Flashcards in Salivary and Gastric Secretions Deck (30):
How are proteins (enzymes) secreted?
Exocytosis in response to neuroendocrines
How are fluids (electrolytes and water) secreted?
Osmotic pressure in the lumen
Function of salivary secretions?
1. lubrication (help swallowing and speech)
What does lysozyme do?
Effective against gram positive bacteria
What does lactoferrin do?
Effective against gram negative bacteria
Where is lingual lipase activated?
In the stomach by acid
Why are digestive enzymes in saliva necessary?
(1) if a baby does not have mother who can provide breast milk, someone can chew food and feed it to baby which now has secretory IgA
(2) if an adult has pancreatic insufficiency (salivary enzymes can compensate)
Characteristics of saliva
(1) concentrations of electrolytes vary with rate of secretion
(2) always hypotonic
(3) always lower in sodium and chloride than plasma
(4) always higher in potassium than plasma
(5) rich in bicabonate
What are the two cells in a salivary duct?
(1) acinar cells
(2) ductal cells
Fluid and Ions secreted by acinar ells
H2O, HCO3-, Na+, K+, Cl-
Ions secreted by ductal cells? Ions absorbed by ductal cells?
absorbed: Cl-, Na+
secreted: HCO3-, K+, H2O
stimulation of salivary nucleus of the medulla?
Conditioned reflex, smell, taste, pressure, nausea
inhibtion of salivary nucleus of the medulla?
fatigue, lack of sleep, fear, dehydration
What myoepithelial cells?
Epithelial cells that acquired muscle cell characteristics
What nerves do salivary nucleusof the medulla stimulate?
(1) Sympathetics T1-T3 -> Superior Cervical Ganglion -> NE
(2) Parasympathetics CN IX, X and FN VII -> Ach, VIP (more stimulated than sympathetic)
Two components of gastric secretion?
(1) oxyntic component
(2) non-oxyntic component
What is the oxyntic component of gastric secretion?
H+, Cl-, K+, IF (parietal cells)
- highly stimulated by feeding
What is the non-oxyntic component of gastric secretion?
mucus, Na+, HCO3- (mucous cells), pepsinogen (chief cells), diffused interstitial fluids (Cl-, H2O)
- rate remains relatively constant (major component at resting, but is highly diluted by the oxyntic component upon feeding)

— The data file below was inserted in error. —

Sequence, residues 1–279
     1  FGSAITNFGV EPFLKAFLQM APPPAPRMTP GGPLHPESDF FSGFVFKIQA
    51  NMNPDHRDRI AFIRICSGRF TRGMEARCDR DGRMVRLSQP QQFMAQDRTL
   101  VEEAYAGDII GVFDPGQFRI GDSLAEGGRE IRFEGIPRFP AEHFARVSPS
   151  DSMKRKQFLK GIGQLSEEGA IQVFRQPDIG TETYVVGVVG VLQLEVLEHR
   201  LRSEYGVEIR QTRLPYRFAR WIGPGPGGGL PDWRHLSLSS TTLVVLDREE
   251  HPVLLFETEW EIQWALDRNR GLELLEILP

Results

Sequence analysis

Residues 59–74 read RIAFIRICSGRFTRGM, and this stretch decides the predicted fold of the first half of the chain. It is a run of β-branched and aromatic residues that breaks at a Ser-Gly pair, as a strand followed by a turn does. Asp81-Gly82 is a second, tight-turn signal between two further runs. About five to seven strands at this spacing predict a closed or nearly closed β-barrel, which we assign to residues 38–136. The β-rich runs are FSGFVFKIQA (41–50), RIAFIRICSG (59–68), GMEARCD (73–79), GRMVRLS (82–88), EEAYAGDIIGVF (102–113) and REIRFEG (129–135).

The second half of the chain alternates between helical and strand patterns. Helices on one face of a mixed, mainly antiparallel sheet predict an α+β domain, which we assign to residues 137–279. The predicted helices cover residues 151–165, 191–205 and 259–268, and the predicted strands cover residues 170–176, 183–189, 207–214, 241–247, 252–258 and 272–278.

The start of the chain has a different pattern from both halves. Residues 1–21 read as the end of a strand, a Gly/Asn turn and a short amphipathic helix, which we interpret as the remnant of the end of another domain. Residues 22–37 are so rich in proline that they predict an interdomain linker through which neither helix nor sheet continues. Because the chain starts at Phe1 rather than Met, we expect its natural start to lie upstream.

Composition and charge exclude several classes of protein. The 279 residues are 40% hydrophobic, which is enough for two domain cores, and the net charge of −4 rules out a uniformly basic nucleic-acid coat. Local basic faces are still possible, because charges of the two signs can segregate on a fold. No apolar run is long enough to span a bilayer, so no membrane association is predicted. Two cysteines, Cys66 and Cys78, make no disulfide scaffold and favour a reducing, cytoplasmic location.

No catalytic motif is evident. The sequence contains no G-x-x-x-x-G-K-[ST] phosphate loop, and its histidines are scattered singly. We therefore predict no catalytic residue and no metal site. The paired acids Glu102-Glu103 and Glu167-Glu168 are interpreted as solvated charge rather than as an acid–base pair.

A. Severe vomiting result in loss in what?
B. Extensive loss of saliva result in what?
A. loss of gastric acid, H+ and Cl-
B. loss of plasma K+
Functions of gastric secretions?
(2) aiding absorption
How does gastric secretion aid digestion?
- acidic pH activated pepsinogen and lipases (lingual)
- HCL denatures proteins for optimal digestion by pepsin
How does gastric secretion aid absorption?
- HCL solubilizes minerals
- Intrinsic factor is required for the absorption of Vit. B12
How does gastric secretion protect lumen?
- HCl inactivates microbes
- Mucus, HCO3-, and Cl- provide containment for H+
How does stimulation of parietal cell change its morphology?
In response to stimulation, tubulovesicle rich in H+ pumps in resting parietal cell fuse with intracellular canaliculi open to the lumen of the gastric pit to secrete H+
What is an alkaline tide?
pH increase in the gastric or portal vein because HCO3- absorption in portal vein is coupled to H+ secretion in lumen
When does the alkaline tide occur?
(1) after a major meal: postprandial alkaline tide (physiological)
(2) severe vomiting: sustained alkaline tide (metabolic alkalosis)
What stimulates acid secretion?
PS, gastrin, histamine
How is HCl contained?
(1) Cl- current
(2) muscosal barrier (mucus gel and HCO3-)
(3) cytoprotection by prostagladins
What do prostagladins do?
(1) inhibition of HCL secretion
(2) stimulation of mucus gel and HCO3- production